Students at the all-girls preschool-grade 12 Stuart Country Day School of the Sacred Heart in Princeton, New Jersey, are encouraged to think and act independently. They often come to faculty with their ideas for everything from getting a better playground to fixing the temperature in rooms that are too cold to improving indoor air quality. Rather than listening and saying, “We’ll see” or “We’ll take it under consideration,” Darren Malone, director of facilities and sustainable planning, began to research ways that students could be part of the solution to what the school refers to as their “wonderings.” Malone along with Rose Neubert, director of finance and operations, and Courtney Portlock, head of upper school, explained the the development of the program in a recent NBOA webinar.
Malone researched a program called “campus as lab” — essentially, using your school’s plant as a microcosm of the larger world and having students participate in solving real-world problems close to home using data. Along the way, students learn to do research and analyze data, work collaboratively and see the impact of their ideas. The school itself also benefits from the data collected, among other things.
SCD’s program, which began about three years ago, is called Labatut’s Learning Lab. It was named after Jean Labatut, a distinguished architect and professor at Princeton University, who designed SCD’s campus in 1963. Labatut died in 1986 at age 87. Interestingly, he also designed Princeton's architectural laboratory, where, beginning in 1949, studies were conducted on the effects of climate and environment on building materials. “Our respect for Labatut's impact on Stuart and his legacy as a teacher inspired us to name our campus as a lab program [after him],” Malone said.
During his research, Malone discovered a campus-as-lab program at nearby Princeton University, which he visited to learn how the program worked. Soon, SCD joined a campus-as-lab community made up of 128 institutions across the United States and Canada. Located on 55 acres and with 450 students, SCD is the only independent school in the mix.
Campus-as-lab is all about project-based learning. “We want to make the process as important if not more important, than the outcome,” Malone said. And in forming that process, “you need to think about the ways you can build a bridge between academics and operations.”
All of a sudden, the students are incredibly engaged in raw data because it's relevant to their experience here on campus and the spaces that they know and in some cases love or don't like because it's freezing cold in there.
Darren MaloneStuart Country Day School of the Sacred Heart
The school gives students a template of sorts that helps them work their way through a project, with questions such as, What is the scope of work that needs to be done? What do I need to be figuring out and finding out? Who needs to be involved? Which departments? Which areas of the school? How is it that I'm going to navigate those relationships? How is it that we're going to actually make this project come to fruition? What is the budget? What are the funding sources available to us?
For example, elementary students wanted a playground. “Rather than [have] the facilities department demolish and just replace [it], we engaged the fourth grade through one of their service-learning projects to design a project” said Malone. “That design project was to consider what the ‘Friendship Forest’ playhouse should be in the future, how it would support the programming and the needs of the students and then to actually go through a design process as though they were a group of 9- and 10-year-old architects.”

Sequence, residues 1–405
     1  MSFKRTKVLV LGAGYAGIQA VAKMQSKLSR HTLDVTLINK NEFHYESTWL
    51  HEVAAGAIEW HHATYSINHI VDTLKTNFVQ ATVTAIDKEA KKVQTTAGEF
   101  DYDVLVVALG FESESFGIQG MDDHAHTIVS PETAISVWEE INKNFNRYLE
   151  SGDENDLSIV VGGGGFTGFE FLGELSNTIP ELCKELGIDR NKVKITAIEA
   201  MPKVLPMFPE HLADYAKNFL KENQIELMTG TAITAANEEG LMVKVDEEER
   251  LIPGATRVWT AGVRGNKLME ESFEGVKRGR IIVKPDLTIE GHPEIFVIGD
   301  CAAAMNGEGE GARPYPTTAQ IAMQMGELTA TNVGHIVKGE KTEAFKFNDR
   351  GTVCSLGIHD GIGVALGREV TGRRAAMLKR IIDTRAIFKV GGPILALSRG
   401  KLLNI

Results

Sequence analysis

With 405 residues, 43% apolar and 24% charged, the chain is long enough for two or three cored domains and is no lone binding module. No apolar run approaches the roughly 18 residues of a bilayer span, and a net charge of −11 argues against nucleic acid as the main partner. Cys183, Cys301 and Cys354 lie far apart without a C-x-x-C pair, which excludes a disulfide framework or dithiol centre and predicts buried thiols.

So far, the students have developed a design program and a series of studies. Malone said they will soon start to “work with outside architects to develop the actual drawings that would make those design ideas and that program come to life.”
In another project, older students used data gathered from the school’s building-control dashboard — which accesses 2,500 points of data including building energy information, room temperature, occupancy, CO2 levels and relative humidity. “All of that data is trendable, and it's accessible to our students and to our faculty,” Malone said. The students used the data to compare temperatures in rooms in two areas of one of the school’s buildings. “All of a sudden, the students are incredibly engaged in raw data because it's relevant to their experience here on campus and the spaces that they know and in some cases love or don't like because it's freezing cold in there,” Malone said.
The hope is that the program will “inspire [students] to wonder, to be curious, to tinker, to really discover ways to see the school environment from their classrooms, the hallways, the playgrounds, the stream — all of it as an opportunity to learn and grow,” said Courtney Portlock, head of upper school and director, National Center for Girls' Leadership at Stuart.
Sounds like they’re on their way.
For more information on the program, NBOA members can visit the webinar archive.#Facilities#Culture
Meet the (Next) Parents (features SCD's "Lead Like a Girl" program, Jan/Feb 2019)
Designing School Facilities That Enhance Mission (June 2017, web-only)
After School: Gifts Beyond the Business Office, and the Classroom (Sept/Oct 2015)
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